Productivity and pressure

Today’s mot du jour (said in a sophisticated French accent, naturellement) is “productive.” It’s 11.07am as I type this and already I’ve run five kilometres on the treadmill, sifted through the reams of crap accumulated in my desk drawers during my sixteen months here (binning most of it and saving a few nuggets that may be of use later on), applied for my New York visa, ordered both my travel money and insurance and made an exhaustively comprehensive to do list covering virtually every remaining minute of my working day (and indeed beyond, as this evening I’ll be helping my boyfriend move into his new place by lugging a massive suitcase from one end of London to the other in the name of love – or lunacy, I’m not sure which).

In short, I’m in the midst of a necessary manic phase, which has got me thinking about the nature of pressure. I don’t know about you but I have a love hate relationship with pressure. When I’m under huge amounts of it I panic; my hands sweat, my head pounds, my breathing is shallow. Sometimes (too often) I turn into a whimpering, gibbering mess in the corner, claiming between sobs that it’s all too much, I just can’t do it. But then a funny thing happens; I remind myself to breathe, drag myself out of the corner, put the kettle on and sit back down at my desk. And then I simply carry on. And you know what? If it wasn’t for the pressure bearing down on me I often wouldn’t complete the task I’d set out to achieve in the first place. In other words, much as it stresses me out, pressure is an essential part of my productivity. I work better with it than without it – and that’s a fact.

At school and university I could often be found at 2am the night before an important exam, cramming every bit of information I possibly could into my brain. It wasn’t that I hadn’t bothered to revise (well, it wasn’t always that), I just couldn’t focus properly until I was under sufficient pressure to be able to block everything else out. I’ll never forget the week before my dissertation was due when it dawned on me I really had left it too late, and I had to pull out every last stop to deliver on time. My body’s reaction to that particular period of pressure was somewhat extreme – I blacked out whilst hyperventilating over the choice of finishing my dissertation and attending a party. Needless to say I eventually (and sensibly, as wasn’t always customary in those days) opted to stay in and finish the dissertation, and thankfully went on to clinch an upper second degree as a result.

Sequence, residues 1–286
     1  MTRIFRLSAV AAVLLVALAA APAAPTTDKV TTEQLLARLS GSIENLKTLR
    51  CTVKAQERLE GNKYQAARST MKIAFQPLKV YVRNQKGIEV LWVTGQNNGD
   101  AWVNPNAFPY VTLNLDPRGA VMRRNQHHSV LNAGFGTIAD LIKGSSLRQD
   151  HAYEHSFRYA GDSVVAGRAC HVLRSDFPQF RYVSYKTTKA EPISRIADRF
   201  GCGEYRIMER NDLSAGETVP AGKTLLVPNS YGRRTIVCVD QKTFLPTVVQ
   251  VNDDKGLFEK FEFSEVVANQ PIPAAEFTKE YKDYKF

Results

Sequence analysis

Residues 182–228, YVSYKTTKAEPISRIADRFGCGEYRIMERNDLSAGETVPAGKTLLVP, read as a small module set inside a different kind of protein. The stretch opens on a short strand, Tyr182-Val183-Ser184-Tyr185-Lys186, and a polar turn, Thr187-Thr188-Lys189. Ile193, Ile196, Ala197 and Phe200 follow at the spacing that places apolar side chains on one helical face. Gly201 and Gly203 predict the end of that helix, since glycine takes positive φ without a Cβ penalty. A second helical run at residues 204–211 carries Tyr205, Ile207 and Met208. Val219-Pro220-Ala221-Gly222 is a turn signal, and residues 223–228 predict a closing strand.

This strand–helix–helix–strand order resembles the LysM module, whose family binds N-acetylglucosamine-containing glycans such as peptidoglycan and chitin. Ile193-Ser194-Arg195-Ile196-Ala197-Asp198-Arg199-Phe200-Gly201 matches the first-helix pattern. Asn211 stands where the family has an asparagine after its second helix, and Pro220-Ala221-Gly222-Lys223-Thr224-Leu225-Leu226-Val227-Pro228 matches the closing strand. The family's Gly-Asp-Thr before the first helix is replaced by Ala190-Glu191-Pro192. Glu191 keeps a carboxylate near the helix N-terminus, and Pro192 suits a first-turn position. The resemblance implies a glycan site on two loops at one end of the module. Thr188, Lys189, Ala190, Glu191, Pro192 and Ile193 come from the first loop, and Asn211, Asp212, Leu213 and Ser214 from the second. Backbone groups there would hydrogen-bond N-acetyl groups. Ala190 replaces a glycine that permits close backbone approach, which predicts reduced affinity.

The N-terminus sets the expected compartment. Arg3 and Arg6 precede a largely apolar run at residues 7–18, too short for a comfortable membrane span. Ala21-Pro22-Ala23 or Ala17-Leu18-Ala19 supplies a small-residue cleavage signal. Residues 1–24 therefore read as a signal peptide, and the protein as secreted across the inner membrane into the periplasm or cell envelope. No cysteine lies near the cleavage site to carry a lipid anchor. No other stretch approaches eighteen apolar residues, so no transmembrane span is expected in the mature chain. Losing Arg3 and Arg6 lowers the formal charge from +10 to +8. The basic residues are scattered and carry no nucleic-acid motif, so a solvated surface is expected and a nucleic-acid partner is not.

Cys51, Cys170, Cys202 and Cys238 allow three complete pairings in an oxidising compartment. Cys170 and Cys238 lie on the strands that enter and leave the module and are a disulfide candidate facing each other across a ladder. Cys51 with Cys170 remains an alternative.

In today’s society pressure is, whether we like it or not, all around us. We feel pressure to succeed in every aspect of our lives, from our jobs to our relationships and even in our hobbies. Even those who seem, on the face of it, to be at the top of their game – the company CEO, for example – are under constant pressure to deliver better, smarter, cheaper. But the reason such people get to the top of their game is because they’ve managed to get a handle on the pressure and make it work to their advantage. They’ve understood that often pressure is a good thing which provides a necessary catalyst for change (if you don’t think change is a good thing, see yesterday’s post which, I hope, will change your mind – geddit?).

Now I’m afraid I really must be off, I’ve got a million and one things to do before the day is out and my hands are getting clammy….

This photo shows me at a time when I was under considerable pressure – to host and deliver a successful end of expedition ceremony in Borneo in 2011. You can tell from the sweat on my brow I was nervous (and also brown – so brown, sigh…), but fortunately my effort was passable and the event was a success. See? Pressure in action. I rest my case.

Desiderata

Three weeks ago I was informed my role at work was being made redundant. Well, the official line was that there was a business case for it to cease to exist and that I would therefore be entering a period of consultation, during which I would be quite welcome to put forward a counter proposal should I feel disinclined to agree with the reasoning for terminating my employment.